How to Hold a Listening Space


A Circle is a wonderfully versatile held-space which allows us to communicate with others in a way that is non-hierarchical, equal, respectful and connecting. The Circle as a symbol appears in cave paintings dating back 35000 years. Jung discovered that the circle, often in the form of a sun-wheel, appeared in cultures that developed in complete isolation from one another.

When we pull the chairs away from a table and out of linear rows and into a ring where we face one another, we are turning ourselves into a sun-wheel. We assume the shape of the symbol ourselves and the synergy comes with us.

As part of Extinction Rebellion’s Regenerative Culture, a talking circle can offer a space for people involved to mutually support, share and process a multitude of thoughts & feelings that emerge through their relationship to climate emergency and associated actions.

We come in connection with our feelings/ Grief as they are arising in our daily lived experiences:

  • Awareness of those sickening and dying among us.
  • Separation from those we love and are concerned for; just round the corner or in distant places, we cannot meet and hug and cry together.
  • The loss of touch and connection.
  • The restrictions on choice and freedom.
  • Awareness of a planet so horrifically mistreated, she would evolve a way to put a stop to the trauma.
  • Awareness that it has taken a human-scaled immediate crisis to prevent us participating in this relentless abuse.

We are driven to online connections - a shadowy substitute for the comfort of solid physical presence - and for now, it is all many of us have access to.

How we hold the space can deeply inform and influence how people share what is alive within them and how people bear witness to that. We have put the following suggestions together to support those who are stepping forwards to hold spaces at this time for others to speak and be heard.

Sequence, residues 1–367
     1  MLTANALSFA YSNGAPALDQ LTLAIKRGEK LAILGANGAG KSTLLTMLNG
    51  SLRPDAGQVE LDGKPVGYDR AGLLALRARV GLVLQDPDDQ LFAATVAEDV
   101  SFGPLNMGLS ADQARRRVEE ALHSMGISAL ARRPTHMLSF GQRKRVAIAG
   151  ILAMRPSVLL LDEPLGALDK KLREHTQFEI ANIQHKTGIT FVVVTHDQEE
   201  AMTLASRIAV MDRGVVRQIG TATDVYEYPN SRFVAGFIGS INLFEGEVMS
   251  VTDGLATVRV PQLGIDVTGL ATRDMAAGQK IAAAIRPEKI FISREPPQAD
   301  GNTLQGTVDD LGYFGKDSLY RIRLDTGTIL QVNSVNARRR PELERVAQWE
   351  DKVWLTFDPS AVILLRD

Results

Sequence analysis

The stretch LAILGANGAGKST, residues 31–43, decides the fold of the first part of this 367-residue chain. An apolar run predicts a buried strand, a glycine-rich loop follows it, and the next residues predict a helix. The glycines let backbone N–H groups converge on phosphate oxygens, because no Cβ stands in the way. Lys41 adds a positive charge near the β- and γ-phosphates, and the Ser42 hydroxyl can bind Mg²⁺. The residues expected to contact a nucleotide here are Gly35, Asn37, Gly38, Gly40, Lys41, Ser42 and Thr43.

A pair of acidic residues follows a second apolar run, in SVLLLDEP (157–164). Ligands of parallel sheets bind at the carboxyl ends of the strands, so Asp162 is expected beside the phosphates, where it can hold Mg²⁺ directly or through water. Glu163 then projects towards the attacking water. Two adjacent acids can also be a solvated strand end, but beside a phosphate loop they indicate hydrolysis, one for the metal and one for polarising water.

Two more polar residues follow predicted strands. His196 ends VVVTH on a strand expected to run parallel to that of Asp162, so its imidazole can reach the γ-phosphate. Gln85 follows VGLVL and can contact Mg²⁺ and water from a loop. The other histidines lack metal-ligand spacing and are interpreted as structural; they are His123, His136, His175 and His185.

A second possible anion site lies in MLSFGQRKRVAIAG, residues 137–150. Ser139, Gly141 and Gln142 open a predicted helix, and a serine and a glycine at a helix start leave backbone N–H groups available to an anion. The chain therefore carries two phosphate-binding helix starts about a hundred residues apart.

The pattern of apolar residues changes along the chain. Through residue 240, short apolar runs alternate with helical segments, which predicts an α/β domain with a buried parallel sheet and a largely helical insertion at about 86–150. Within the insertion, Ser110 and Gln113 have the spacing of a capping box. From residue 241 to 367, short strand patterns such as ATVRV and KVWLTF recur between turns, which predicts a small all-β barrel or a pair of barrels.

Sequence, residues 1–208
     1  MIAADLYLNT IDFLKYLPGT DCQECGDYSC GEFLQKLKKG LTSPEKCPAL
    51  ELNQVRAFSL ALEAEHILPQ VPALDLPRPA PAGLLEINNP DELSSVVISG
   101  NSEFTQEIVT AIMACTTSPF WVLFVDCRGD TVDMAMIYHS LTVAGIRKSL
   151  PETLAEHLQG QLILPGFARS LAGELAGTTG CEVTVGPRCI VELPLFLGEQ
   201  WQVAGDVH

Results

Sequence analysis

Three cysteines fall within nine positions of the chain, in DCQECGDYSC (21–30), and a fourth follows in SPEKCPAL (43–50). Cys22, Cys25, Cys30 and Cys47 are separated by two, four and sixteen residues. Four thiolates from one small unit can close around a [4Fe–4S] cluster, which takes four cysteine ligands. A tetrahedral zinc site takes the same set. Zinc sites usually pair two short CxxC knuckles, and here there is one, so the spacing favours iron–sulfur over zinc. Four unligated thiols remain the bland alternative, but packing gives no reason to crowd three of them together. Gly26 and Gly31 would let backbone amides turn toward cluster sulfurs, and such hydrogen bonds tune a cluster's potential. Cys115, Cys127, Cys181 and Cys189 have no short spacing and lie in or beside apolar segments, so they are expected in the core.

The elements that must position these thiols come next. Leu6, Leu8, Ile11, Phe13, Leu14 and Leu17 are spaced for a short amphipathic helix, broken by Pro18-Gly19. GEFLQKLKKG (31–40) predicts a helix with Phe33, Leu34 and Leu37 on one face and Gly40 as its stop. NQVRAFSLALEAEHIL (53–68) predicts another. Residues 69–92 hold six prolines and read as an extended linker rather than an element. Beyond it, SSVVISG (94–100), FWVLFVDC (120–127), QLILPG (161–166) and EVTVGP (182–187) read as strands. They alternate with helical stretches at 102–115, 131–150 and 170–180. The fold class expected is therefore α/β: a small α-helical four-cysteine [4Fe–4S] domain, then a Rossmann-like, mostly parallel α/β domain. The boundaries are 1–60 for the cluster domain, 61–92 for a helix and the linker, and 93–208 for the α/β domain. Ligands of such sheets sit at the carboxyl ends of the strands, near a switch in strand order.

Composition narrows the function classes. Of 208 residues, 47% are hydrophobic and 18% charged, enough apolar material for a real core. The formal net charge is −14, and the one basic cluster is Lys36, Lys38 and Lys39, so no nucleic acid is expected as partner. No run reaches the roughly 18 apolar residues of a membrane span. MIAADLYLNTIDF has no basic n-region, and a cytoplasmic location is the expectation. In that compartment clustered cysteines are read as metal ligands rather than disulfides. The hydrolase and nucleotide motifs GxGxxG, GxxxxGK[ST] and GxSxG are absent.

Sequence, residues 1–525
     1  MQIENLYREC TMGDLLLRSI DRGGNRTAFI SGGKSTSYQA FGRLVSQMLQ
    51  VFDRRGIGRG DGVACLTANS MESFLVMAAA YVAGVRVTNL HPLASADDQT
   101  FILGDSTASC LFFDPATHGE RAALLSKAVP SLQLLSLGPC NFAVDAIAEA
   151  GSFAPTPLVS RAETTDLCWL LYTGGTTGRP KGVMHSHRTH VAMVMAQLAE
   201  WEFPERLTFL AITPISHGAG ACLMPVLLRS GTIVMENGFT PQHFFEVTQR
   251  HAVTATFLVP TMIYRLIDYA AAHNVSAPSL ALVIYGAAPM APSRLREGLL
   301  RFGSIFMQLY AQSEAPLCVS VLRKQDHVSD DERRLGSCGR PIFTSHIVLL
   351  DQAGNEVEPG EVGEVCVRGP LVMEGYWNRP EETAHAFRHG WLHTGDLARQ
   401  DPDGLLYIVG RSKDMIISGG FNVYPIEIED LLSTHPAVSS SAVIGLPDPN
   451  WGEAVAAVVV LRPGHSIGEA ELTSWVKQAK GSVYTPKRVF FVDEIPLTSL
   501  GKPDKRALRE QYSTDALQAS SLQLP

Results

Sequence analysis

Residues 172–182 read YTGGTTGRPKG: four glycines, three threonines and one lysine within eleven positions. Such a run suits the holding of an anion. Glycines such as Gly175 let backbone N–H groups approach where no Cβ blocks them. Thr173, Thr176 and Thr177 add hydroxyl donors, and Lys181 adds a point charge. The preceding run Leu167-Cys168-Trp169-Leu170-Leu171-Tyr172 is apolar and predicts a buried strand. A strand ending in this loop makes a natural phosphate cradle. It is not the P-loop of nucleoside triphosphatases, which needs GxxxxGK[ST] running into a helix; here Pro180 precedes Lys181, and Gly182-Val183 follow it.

Preparation - Welcoming

Give yourself 15 minutes or so to create a sense of welcome before the call begins.

If you are pairing with another to help facilitate, connect in with your partner at this point and share how you are preparing for the call.

Turn off all other distractions and devices. The quality of attention you bring to the call has an impact on those who join the room.

Ground yourself into calm with breathing practice and any other techniques which you know support you.

Have fresh water and comfy seating. Check the Zoom link is working and have all you need to hand.

  • We advise working with a co-facilitator in order that you are supported in this process and in order that with larger groups are facilitated successfully. This includes working with the uncertainties around the numbers of people and the online technology involved.
  • Holding this space can be a vulnerable task and we encourage authenticity from the facilitators around their own emotions through the process to model and encourage this depth as a group.
  • Open the zoom room a few minutes early if you can.
  • Welcome people as they arrive. Notice how many are arriving by phone and be clear how you will engage them in discussions - by raising their hands in the chat window, or voicing their desire to talk with a word, such as stack or queue.
Timings & Technicalities
  • As a facilitator, timing is of optimum importance. It is the facilitator’s duty to state the time of the call at the beginning or if there is a possibility of running over. Closing the door to the zoom room is advised to maintain the safety of the container. Please familiarise yourself with this before holding the circle.
  • Spreading the time equally among the participants is of great importance so that each person is heard equally. We recommend an alarm to assist with this process. If you are co-facilitating, the timekeeper role could be the job of one of the facilitators.
  • We recommend dividing the groups’ time into 2 rounds (two opportunities for each person to speak) so that a deepening can occur as a result of, say, hearing the vulnerability of another. Usually the rounds are a longer one to start with, followed by a shorter one.
  • Break out groups - if the group is large we suggest splitting the group into break out groups in order that there are small and more intimate groups, ideal for sharing more deeply and being more effective with time.